Covert Park at Mount Bonnell (3800 Mount Bonnell Road) is a popular scenic overlook. It’s the highest point in the city limits of Austin at 775 feet. This also makes its a great place for incline training in the form of hill repeats, which I did there yesterday (and have done regularly in the past). A long staircase leads you up to the summit and then a rocky trail takes you back down the hill. It’s a trek, but the great view of the surrounding homes, the waterway, and the Pennybacker Bridge reward you at the top. Parking is available near the base of the stairs; other than a few picnic tables and informative historical signs, there are no other facilities here. Covert Park is not on the Parks Directory, but does seem to be a city park based on the signage there.
A two-minute drive takes you right to Mayfield Nature Preserve (3801 West 25th Street). This is a charming spot that I consider the best place in Austin to picnic; we always take out of town visitors here. There is a cottage with beautiful ponds and gardens behind it, and the resident peacocks are a popular attraction to view. They are so beautiful, and on this day, pretty noisy!
Lovely as the grounds near the front of the park are, the trails here are also not to be missed. The unpaved trails wind through a wooded area and along the lake, offering lots of shade and scenery. You can also take one of the easy-to-follow trails over to neighboring Laguna Gloria, part of Austin’s Contemporary art organization.
Between the two sites, I got in two miles of yesterday’s run at these locations.
Though its official address is 800 West Riverside Drive, this massive trail is accessed by many different parks throughout Central Austin. Truly one of the best parts of living in Austin, the Trail is a real gem that we should all value. I’ll updates links to the related park posts here.
Butler Shores at Town Lake Metro Park
Auditorium Shores at Town Lake Metro Park
Shoal Creek Greenbelt
Edward Rendon Sr. Metro Park at Festival Beach
Butler Metro Park
Eilers (Deep Eddy) Park/Zilker Metro Park
Eilers (Deep Eddy) Neighborhood Park is located at 401 Deep Eddy Avenue in Central Austin. It’s best known for its pool, which was looking quite inviting even on this chilly day, but is also a great spot to access Town Lake Trail. Parking was plentiful on this weekday but gets crowded on summer weekends. The water fountains here are off at this time; restrooms, a small playground, and picnic tables are available.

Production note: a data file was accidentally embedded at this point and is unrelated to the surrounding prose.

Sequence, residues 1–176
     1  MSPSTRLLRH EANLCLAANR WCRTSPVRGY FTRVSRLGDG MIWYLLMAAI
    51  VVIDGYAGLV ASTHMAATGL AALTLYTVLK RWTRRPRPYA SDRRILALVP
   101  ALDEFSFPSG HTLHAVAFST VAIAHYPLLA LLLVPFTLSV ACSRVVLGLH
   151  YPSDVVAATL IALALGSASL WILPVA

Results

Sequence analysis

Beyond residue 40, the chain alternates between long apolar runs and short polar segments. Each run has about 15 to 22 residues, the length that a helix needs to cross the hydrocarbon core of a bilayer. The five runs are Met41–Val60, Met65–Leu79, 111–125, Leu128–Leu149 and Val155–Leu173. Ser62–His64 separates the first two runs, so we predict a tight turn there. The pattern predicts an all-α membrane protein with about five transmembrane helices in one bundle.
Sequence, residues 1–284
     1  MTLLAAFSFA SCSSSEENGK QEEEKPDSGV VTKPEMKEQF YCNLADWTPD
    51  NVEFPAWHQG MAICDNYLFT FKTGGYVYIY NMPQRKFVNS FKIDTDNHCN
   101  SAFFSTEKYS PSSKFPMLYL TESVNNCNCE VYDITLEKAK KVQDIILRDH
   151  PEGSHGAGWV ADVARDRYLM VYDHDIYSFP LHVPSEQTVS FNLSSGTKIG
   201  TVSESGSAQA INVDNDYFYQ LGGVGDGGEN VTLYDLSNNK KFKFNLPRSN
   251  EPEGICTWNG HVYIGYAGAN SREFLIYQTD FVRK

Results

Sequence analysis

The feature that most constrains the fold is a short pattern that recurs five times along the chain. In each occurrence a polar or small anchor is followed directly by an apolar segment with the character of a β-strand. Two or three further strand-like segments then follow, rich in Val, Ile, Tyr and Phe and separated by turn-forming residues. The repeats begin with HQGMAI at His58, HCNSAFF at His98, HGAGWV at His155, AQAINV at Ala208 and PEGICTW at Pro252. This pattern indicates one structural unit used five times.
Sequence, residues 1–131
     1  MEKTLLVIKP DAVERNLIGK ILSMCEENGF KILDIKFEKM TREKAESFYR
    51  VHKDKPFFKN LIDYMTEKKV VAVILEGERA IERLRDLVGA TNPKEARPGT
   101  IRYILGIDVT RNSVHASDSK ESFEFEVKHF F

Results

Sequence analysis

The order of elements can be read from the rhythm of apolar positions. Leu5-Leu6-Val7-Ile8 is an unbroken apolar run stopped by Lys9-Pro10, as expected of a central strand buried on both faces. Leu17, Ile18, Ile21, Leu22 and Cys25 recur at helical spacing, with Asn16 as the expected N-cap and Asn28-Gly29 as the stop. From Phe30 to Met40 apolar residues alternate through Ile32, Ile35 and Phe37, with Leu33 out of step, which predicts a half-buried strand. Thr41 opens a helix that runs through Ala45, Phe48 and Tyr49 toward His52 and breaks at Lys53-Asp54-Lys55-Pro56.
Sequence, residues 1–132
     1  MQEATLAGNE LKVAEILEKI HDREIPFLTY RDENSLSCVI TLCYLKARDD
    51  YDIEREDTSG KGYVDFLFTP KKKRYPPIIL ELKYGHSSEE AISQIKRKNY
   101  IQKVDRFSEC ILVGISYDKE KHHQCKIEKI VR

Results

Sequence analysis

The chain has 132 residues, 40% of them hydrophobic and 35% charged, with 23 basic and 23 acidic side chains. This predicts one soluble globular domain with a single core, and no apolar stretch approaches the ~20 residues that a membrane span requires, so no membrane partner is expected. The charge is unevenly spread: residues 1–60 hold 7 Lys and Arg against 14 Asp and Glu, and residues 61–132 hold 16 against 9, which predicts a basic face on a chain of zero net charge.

Signs of spring at Eilers Park
Following the mostly unpaved trail from Eilers Park will lead you right over to Zilker Metro Park (2100 Barton Springs Drive), Austin’s huge premier park with trails, vast open expanses, and lots of amenities, including a fun train to ride which is a favorite for our family.
Lou Neff Point at Zilker Park
Before you get to the spot known as The Rock near the pedestrian bridge, the trail from Eilers also branches off into the Johnson Creek Greenbelt (2001 Enfield Road) which snakes under Mopac and has its own miles of trails and picnic areas.
It was a gorgeous day for a run while I was out yesterday. On this special anniversary date, I dedicated my miles to those affected by the Boston Marathon tragedy.
This is not a city park but I’m including it here because it’s a fun place to run and is open to the public. Located in the Mueller area, a mostly paved trail circles around the lake. Swans, geese, and ducks have taken up residence and you can’t help but hear them as well as the pretty fountains.
There are sports courts, a playground, and exercise stations here in addition to restrooms, picnic seating, and a firepit. Parking can be a little bit of a challenge some days, but this spot is still worth the trip and is a vibrant place to get a few laps in.
Emma Long Metro Park is located at 3600 City Park Road in Northwest Austin. It’s a little bit of a drive for some, but definitely worth it. With miles and miles of beautiful unpaved trails, it has become a new area favorite of mine. Quite secluded on the day I visited last week, I had the trails to myself for the first mile and then came upon just a few others with their well-behaved dogs. The trail criss-crosses over the creek several times and has some elevetion gain, so be prepared. But that makes it really fun and interesting. It’s a serene and shady spot great for all seasons.
You can find parking and the trailhead for the popular Turkey Creek Trail before the main gate where you have to pay to enter.
Eastwoods Neighborhood Park is locared at 3001 Harris Park Avenue in Northeast Austin, the University area. This park has sports fields, restrooms, a splash pad, and a short unpaved trail that I got about 1.4 miles of my run on with several loops and some meandering through the middle.